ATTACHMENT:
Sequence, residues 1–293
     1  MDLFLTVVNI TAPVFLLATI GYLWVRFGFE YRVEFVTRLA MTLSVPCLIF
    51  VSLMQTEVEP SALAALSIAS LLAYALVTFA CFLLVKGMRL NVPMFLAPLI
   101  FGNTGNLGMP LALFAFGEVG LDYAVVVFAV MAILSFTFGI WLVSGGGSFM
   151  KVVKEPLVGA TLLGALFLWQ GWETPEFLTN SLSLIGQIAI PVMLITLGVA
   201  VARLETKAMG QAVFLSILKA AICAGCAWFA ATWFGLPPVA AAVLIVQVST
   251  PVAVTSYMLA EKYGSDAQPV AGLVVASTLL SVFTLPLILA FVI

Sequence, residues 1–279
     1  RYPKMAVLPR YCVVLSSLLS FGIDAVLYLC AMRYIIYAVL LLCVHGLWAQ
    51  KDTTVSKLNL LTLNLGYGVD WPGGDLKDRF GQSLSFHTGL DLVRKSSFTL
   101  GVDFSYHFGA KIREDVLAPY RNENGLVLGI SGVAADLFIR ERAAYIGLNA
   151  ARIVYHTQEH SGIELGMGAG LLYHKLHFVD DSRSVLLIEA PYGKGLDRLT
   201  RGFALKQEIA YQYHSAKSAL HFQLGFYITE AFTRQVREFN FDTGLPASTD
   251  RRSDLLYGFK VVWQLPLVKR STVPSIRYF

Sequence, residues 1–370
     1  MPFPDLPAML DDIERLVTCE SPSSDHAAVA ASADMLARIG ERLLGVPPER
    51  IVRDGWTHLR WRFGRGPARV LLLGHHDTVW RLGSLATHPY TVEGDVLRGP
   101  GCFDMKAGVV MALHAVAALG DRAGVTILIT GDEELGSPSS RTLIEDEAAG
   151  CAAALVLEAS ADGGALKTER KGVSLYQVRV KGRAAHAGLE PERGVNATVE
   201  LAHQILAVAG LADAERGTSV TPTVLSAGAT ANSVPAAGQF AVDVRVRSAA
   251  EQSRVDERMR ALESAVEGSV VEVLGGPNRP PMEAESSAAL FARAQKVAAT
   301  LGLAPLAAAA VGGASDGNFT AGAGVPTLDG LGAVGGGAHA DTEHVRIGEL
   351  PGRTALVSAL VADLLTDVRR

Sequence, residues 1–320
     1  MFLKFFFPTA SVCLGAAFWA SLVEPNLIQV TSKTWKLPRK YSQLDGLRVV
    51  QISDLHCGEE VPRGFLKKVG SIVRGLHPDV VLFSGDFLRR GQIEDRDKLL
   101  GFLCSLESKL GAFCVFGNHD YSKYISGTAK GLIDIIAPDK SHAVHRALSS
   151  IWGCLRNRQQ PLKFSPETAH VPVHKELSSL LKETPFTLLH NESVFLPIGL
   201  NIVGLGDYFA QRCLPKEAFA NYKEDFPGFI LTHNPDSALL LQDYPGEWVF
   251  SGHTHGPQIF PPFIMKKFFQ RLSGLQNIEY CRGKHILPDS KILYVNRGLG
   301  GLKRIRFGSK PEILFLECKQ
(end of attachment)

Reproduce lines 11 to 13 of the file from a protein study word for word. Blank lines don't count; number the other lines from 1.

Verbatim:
   101  GVDFSYHFGA KIREDVLAPY RNENGLVLGI SGVAADLFIR ERAAYIGLNA
   151  ARIVYHTQEH SGIELGMGAG LLYHKLHFVD DSRSVLLIEA PYGKGLDRLT
   201  RGFALKQEIA YQYHSAKSAL HFQLGFYITE AFTRQVREFN FDTGLPASTD